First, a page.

All societies are consumed by issues of self-advancement. From the most developed to the least developed, planners and policy implementers are (supposedly) driven by the idea of creating a more idyllic environment for the citizens to live in. For example, in the Kingdom of Bhutan, they did appoint a minister for happiness to ensure that the subjects of that kingdom were happy and productive. Indeed, some ‘wacky’ economists have gone on to create happiness indices and rank countries.
Our own Uganda has been ranked the happiest country in East Africa according to the World Happiness Report 2021 released by the UN Sustainable Development Solutions Network. With such a name who could disagree with them? I have also ‘conducted’ a one-person survey to observe some of the things that make us happy in the land of milk and honey. Here goes my very short list.
Pot bellies: for a long time, the pot belly has been a sign of prosperity in our society. Looking thin and underfed is frowned upon by most communities. At the time of marriage, the bride will be sequestered and feted with delicacies and oil to fatten her and make her bright. For the groom, the size of his pot belly is indicative of wealth and power. While our people are becoming more health conscious and this fad may be dying out, the pot belly is still not frowned upon. Another name for it is ‘public opinion’. If your local politician does not have one, then he or she is not stealing enough public funds.
Gossip: gossip is a very healthy human condition and our love for it is legendary, especially if there is a misfortune at the end of the tale. Schadenfreude, the Germans call it. The fact that we can gossip about neighbours who have fallen on hard times seems to give us immense pleasure. Some gossipy stories have been around for so long they have become engrained in our folk lore. The other day I was travelling upcountry and I had this story about a one late ‘Mutabaazi’ (sic) and how his heir had been sired by a Somali or Muyindi fellow. It was only the late who had believed he was the father, but everyone in the village was having a bout of mirth at this public secret. The irony was not lost on me in the sense that ‘Mutabazi’ could have been named thus because of his being a Casanova.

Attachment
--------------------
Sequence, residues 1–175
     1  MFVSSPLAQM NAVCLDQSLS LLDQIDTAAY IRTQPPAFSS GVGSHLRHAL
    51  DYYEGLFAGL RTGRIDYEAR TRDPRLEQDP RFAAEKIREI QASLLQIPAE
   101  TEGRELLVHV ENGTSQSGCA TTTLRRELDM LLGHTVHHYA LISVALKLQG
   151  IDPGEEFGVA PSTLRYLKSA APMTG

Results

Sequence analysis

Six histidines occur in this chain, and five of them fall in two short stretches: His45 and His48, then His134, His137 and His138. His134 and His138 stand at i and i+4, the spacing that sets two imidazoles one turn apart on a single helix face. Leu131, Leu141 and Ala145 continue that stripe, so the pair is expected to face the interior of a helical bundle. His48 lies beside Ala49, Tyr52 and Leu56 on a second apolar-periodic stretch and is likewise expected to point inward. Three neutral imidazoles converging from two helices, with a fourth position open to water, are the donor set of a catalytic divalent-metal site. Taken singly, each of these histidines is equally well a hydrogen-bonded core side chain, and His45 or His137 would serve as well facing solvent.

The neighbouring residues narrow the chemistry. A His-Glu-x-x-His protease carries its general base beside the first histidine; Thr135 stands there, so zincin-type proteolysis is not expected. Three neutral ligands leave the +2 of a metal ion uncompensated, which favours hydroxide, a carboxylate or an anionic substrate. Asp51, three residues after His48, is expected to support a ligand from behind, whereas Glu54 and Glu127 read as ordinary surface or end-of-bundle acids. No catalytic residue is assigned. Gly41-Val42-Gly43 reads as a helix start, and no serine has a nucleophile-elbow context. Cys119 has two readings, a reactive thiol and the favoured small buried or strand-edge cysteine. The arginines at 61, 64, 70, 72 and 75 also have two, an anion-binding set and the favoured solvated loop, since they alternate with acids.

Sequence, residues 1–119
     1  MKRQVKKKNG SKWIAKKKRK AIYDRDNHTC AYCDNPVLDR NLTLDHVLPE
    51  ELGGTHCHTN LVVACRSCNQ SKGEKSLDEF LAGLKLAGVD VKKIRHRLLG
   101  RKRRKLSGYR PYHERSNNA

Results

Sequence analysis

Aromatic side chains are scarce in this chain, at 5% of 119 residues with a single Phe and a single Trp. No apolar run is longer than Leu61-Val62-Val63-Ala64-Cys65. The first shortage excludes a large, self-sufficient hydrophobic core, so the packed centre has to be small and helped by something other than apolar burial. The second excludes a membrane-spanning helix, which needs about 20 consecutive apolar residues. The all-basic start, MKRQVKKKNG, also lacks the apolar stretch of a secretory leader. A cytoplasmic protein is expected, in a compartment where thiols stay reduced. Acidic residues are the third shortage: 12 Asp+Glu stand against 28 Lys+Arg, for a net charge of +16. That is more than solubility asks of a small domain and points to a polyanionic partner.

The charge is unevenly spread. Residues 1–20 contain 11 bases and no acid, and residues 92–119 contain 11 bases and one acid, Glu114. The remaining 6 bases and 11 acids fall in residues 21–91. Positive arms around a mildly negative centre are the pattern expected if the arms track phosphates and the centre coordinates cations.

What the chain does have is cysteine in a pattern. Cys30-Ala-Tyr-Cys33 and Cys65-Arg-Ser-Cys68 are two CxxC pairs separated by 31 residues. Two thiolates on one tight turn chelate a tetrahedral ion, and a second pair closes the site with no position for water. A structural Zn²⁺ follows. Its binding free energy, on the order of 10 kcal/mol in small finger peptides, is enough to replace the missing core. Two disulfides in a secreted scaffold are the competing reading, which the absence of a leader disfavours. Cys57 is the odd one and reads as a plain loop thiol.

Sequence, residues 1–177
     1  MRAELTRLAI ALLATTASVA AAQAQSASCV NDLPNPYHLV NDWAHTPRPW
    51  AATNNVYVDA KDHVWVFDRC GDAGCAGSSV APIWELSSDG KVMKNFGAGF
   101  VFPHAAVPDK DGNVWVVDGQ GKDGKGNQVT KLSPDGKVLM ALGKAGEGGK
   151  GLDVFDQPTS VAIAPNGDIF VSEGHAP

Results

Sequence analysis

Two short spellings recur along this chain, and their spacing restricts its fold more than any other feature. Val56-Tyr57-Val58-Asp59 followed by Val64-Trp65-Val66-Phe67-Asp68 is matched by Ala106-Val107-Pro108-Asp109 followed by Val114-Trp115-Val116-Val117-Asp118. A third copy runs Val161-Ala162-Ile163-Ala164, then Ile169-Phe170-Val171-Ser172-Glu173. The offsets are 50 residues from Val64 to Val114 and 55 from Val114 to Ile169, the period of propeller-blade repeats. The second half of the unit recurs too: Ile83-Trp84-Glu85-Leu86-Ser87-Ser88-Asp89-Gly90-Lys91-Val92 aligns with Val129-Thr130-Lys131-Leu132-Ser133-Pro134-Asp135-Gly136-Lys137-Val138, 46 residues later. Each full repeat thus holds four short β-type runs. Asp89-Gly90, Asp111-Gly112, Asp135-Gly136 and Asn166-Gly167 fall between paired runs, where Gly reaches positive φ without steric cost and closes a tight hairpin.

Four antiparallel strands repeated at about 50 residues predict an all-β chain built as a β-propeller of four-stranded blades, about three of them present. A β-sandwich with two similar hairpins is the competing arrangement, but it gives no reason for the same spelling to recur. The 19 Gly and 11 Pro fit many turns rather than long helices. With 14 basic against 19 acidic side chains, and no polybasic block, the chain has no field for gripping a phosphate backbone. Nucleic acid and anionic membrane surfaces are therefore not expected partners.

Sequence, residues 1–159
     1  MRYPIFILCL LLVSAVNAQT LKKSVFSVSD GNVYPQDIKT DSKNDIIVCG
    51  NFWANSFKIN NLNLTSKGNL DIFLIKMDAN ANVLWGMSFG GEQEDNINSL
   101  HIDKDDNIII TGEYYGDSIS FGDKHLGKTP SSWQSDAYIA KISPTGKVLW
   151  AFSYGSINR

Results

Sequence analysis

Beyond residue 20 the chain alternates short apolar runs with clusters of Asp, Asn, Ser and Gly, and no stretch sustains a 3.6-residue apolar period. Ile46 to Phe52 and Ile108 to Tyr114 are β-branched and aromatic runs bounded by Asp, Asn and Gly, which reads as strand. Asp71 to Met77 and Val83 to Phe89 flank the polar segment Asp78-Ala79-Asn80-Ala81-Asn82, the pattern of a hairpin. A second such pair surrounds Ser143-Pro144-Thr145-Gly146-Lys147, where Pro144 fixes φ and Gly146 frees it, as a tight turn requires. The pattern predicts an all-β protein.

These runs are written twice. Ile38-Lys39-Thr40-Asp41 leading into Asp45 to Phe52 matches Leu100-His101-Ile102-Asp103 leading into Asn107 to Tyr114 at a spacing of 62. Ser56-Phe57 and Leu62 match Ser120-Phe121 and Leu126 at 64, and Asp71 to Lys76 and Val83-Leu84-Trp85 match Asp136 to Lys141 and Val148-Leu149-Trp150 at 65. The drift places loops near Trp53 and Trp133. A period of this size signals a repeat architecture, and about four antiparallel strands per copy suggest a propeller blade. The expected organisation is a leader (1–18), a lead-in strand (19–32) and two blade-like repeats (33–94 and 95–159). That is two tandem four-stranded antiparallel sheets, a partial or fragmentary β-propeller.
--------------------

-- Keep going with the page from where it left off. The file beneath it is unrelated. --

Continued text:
‘Fund raising’: we have elevated the art of begging to another form. We call it fund raising now. We shall beg for money to launch wedding meetings, to celebrate the results of having carnal knowledge of others (baby showers), to send our kids of to Europe (kyeeyo), to repatriate dead bodies, ad infinitum. Begging is an art form that we have perfected nationally. We have no shame about it and I suppose that makes us a happier lot if we cannot be shamed.
‘Porking”: speaking of pot bellies, we could also speak of pork bellies. We have elevated the art of eating pork. We are East Africa’s largest consumers of the snouted beast. Everywhere you turn, there is a pork joint, mostly frequented by of course men. ‘Crushing’ pork and washing it down with Eagle Lager™ or any of those widely proliferating waragi ‘concoctions’ is now a national pastime. We all have our favourite pork joint. Sebutinde’s on Entebbe Road takes the pie for me.
Littering: our laissez faire attitude to hygiene and orderliness has also helped us become a happier society I suppose. We are free to throw our rubbish anywhere and everywhere. There is no shame here again. Some of our towns (or cities as we are wont to call them) are now competing for the crown of dirtiest city in Uganda. Add the potholes, the dust and lack of common courtesy and you get the full picture. Strange how a lack of shame can make a people happy!
Samuel Sejjaaka is Country Team Leader at Mat Abacus Business School. Twitter @samuelsejjaaka